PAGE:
And for these exploits, important as they are, O Romans, I ask from you no reward of virtue, no badge of honour, no monument of my glory, beyond the everlasting recollection of this day. In your minds I wish all my triumphs, all my decorations of honour; the monuments of my glory, the badges of my renown, to be stored and laid up. Nothing voiceless can delight me, nothing silent,—nothing, in short, such as even those who are less worthy can obtain. In your memory, O Romans, my name shall be cherished, in your discourses it shall grow, in the monuments of your letters it shall grow old and strengthen; and I feel assured that the same day which I hope will be for everlasting; will be remembered for ever, so as to tend both to the safety of the city and the recollection of my consulship; and that it will be remembered that there existed in this city at the same time two citizens, one of whom limited the boundaries of your empire only by the regions of heaven, not by those of the earth, while the other preserved the abode and home of that same empire.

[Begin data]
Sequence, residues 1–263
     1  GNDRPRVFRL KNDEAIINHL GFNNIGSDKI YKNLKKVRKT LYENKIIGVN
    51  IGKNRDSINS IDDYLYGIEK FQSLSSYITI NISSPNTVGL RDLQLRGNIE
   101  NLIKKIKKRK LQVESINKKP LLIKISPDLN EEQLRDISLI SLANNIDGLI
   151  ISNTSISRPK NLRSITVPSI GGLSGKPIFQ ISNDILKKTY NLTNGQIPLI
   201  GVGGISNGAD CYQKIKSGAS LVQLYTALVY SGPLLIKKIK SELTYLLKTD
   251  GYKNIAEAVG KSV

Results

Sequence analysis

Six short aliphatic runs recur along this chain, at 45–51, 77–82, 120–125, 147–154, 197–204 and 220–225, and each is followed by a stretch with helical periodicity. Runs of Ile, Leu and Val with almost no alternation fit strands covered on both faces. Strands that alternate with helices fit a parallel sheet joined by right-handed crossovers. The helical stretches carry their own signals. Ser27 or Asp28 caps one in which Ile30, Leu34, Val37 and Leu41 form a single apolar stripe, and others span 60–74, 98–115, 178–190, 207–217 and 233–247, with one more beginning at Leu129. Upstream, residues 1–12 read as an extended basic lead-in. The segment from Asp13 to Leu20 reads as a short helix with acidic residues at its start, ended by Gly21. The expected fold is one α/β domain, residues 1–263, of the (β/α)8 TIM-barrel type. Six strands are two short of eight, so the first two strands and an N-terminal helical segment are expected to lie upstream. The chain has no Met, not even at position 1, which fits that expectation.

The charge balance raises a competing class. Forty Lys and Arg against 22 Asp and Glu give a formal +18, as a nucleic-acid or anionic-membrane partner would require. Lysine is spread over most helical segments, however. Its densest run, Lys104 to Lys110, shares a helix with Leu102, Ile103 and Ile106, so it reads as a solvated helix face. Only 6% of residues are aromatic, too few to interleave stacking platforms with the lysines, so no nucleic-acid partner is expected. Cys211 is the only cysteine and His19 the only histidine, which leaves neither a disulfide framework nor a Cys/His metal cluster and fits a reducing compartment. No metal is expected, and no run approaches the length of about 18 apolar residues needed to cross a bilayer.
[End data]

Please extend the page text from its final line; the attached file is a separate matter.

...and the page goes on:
This text is part of:
Table of Contents:
THE FIRST ORATION OF M. T. CICERO AGAINST LUCIUS CATILINA. DELIVERED IN THE SENATE.
THE SECOND ORATION OF M. T. CICERO AGAINST LUCIUS CATILINA. ADDRESSED TO THE PEOPLE.
THE THIRD ORATION OF M. T. CICERO AGAINST LUCIUS CATILINA. ADDRESSED TO THE PEOPLE.
THE FOURTH ORATION OF M. T. CICERO AGAINST LUCIUS CATILINA. DELIVERED IN THE SENATE.
This work is licensed under a Creative Commons Attribution-ShareAlike 3.0 United States License.
An XML version of this text is available for download, with the additional restriction that you offer Perseus any modifications you make. Perseus provides credit for all accepted changes, storing new additions in a versioning system.